- Calculate the number of sigma bonds and the number of lone pairs. In the case of CH3F molecules, the number of sigma bonds is 4( one C-F bond and three C-H bonds), while the number of lone pairs is zero.
- Calculate the steric number, that is, the sum of the number of lone pairs and sigma bonds. Here, the steric number comes out to be 4 which indicates sp3 hybridization, that is, tetrahedral molecular geometry.
Methyl Fluoride(CH3F) Polarity
Methyl Fluoride or Fluoromethane is a polar molecule despite having sp3 hybridization. There are several reasons for the polarity of the molecule, one being the difference in the electronegativities of Carbon and Fluorine atoms. The fluorine atom is far more electronegative than the Carbon atom, resulting in the polarity of the C-F bond.
The polarity of a bond affects the bond length and bond strength due to the uneven positioning of valence electrons between the bonding atoms. Usually, the shared electron pair shifts slightly towards the more electronegative atom.
Several factors need to be considered to determine whether a molecule is polar or nonpolar. The major factors responsible are electronegativity, dipole moment, and geometrical shape. All three factors are interrelated.
Electronegativity: It is the measure of the strength of an atom to captivate the bonded electron pair towards itself.
The polarity of a bond is directly proportional to the difference between the electronegativities of the atoms forming the bond.
Dipole moment: Dipole moment is calculated as the product of charge on individual atoms and the distance linking the centers of the two opposite charges. It is represented by the symbol μ and is generally calculated in Debye units(D).
The dipole moment of the C-F bond is non-zero and there is a partial positive charge on the carbon atom and a partial negative charge on the fluorine atom. Hence, the overall dipole moment of the molecule is non-zero as well.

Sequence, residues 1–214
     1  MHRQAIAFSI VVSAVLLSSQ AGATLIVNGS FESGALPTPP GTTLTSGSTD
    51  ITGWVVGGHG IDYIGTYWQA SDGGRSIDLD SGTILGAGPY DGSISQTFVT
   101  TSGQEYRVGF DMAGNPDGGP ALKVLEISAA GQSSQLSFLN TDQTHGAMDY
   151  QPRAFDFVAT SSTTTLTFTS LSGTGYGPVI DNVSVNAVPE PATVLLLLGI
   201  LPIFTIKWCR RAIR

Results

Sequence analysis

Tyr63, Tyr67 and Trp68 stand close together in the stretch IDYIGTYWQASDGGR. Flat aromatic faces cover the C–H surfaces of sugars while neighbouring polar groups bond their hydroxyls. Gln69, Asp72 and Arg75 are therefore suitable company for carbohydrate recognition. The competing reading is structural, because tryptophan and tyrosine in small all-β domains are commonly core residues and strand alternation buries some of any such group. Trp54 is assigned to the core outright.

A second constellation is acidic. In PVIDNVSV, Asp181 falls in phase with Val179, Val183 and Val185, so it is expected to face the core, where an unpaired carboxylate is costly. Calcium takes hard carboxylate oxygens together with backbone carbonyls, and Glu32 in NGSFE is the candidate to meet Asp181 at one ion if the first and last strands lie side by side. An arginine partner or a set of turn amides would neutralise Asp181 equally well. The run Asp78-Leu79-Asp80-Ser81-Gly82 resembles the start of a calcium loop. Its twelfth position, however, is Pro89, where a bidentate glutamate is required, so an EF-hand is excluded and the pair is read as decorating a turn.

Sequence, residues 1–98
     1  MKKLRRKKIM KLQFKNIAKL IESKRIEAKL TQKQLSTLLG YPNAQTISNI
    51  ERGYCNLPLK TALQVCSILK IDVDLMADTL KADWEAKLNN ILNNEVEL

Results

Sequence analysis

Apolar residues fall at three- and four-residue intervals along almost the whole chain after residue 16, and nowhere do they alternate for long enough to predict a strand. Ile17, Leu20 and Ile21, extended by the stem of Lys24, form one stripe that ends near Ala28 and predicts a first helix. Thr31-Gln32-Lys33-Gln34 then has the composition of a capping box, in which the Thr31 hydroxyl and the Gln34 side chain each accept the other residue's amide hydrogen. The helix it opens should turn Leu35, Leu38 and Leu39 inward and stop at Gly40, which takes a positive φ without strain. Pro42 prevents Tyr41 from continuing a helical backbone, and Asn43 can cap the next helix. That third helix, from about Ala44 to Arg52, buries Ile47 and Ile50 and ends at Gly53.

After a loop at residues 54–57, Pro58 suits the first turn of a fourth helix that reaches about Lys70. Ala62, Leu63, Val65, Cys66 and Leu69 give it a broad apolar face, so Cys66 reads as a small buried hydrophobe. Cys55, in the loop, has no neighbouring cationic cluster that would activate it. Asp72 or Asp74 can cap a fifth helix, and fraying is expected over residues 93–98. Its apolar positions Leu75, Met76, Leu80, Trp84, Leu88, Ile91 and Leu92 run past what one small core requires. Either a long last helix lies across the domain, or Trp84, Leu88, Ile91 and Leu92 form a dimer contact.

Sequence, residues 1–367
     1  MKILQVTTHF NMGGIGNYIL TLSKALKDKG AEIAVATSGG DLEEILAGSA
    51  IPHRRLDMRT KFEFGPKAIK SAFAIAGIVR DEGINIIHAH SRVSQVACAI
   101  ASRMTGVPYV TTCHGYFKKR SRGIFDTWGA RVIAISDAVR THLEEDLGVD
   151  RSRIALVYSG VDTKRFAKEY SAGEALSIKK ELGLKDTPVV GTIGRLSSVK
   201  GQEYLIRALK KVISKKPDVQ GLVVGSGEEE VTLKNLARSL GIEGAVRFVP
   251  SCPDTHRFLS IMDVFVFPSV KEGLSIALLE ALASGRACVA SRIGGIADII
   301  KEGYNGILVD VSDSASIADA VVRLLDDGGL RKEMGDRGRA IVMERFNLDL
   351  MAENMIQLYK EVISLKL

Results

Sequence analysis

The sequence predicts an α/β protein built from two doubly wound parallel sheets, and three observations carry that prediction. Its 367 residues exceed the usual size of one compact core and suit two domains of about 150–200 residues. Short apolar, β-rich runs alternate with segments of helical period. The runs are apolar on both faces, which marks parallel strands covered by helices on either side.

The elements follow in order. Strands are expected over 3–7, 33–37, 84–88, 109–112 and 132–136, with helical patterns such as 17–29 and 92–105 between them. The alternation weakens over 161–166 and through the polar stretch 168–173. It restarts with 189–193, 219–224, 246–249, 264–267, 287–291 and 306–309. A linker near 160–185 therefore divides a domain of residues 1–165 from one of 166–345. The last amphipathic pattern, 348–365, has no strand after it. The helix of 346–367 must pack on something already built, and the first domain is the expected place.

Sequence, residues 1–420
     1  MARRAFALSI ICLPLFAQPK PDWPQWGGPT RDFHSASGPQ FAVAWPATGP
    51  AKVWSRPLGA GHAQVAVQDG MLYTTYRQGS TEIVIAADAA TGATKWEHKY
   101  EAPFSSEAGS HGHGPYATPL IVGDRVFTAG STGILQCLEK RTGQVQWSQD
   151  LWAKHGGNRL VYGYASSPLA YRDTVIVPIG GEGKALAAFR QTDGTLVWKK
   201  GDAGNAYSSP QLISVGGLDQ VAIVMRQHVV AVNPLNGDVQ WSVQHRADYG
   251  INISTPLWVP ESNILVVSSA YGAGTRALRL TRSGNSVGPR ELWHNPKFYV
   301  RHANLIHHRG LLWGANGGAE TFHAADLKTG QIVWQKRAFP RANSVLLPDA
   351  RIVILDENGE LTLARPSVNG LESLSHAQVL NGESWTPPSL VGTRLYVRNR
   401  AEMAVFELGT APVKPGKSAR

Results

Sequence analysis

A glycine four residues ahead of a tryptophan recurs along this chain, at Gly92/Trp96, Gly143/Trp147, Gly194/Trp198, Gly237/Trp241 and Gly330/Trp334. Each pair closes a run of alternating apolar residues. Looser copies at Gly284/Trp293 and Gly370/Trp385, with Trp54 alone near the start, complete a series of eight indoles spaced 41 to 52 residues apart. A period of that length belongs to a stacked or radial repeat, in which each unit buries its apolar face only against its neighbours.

Molecular Geometry: The geometry or shape of a molecule depends on its hybridization, that is, it depends on the number of shared electrons as well as the lone pairs.
The dipole moment of the molecule depends on the arrangement of the dipoles inside it. If the dipoles are oriented opposite to each other and have similar magnitude, they tend to cancel each other’s effect. Hence, if all the dipoles inside a molecule are canceled, it results in a nonpolar molecule. Generally, symmetric molecules are polar as the opposite dipoles are canceled.
CH3F molecules have an asymmetric geometry due to the difference in C-F bond length and C-H bond length which is a result of the electronegativity difference between carbon and fluorine.
It can be observed that the molecular geometry depends on the dipole moment and hybridization, while the dipole moment depends on the electronegativity.
Therefore, after keeping all the above-mentioned factors in mind, it can be concluded that CH3F is a polar molecule with a dipole moment of 1.847D.
CH3F or fluoromethane also known by the names, Freon-41, HFC-41, methyl fluoride, Halocarbon-41, and trideuterio (fluoro)methane is a haloalkane formed by replacing one Hydrogen atom in methane with a fluorine atom. It is a flammable, non-toxic, liquefiable, colorless gas with a pleasant odor with tetrahedral geometry.CH3F is a polar molecule with a molecular weight of 35.015g/mol and the C-F bond energy and bond length of 552kJ/mol and 0.139nm, respectively.
The melting point of fluoromethane is −137.8 °C or −216.0 °F and the boiling point is either −78.4 °C or 109.1 °F.its density is approximately 1.4397 g/L 0.557 g/cm3 at 25-degree celsius while it is in the liquid state. The gas has a vapor pressure of 3.3 MPa.
Some applications of the substance include:
Utilized in the manufacturing process of semiconductors and electronic articles.CH3F often finds its application as an etching gas.
Utilized for biological experiments.CH3f or methyl fluoride can be served as a selective inhibitor of methane oxidation next to aerobic bacteria.
The CFC family finds application in refrigerating systems and HFC-41 or fluoromethane is the smallest member of the CFC family.
Besides, methyl fluoride is an HFC(Hydro Fluoro Carbon) which relates to CFCs(Chlorofluorocarbon), but it is harmless to the ozone layer as no reactive chlorine is produced in this case.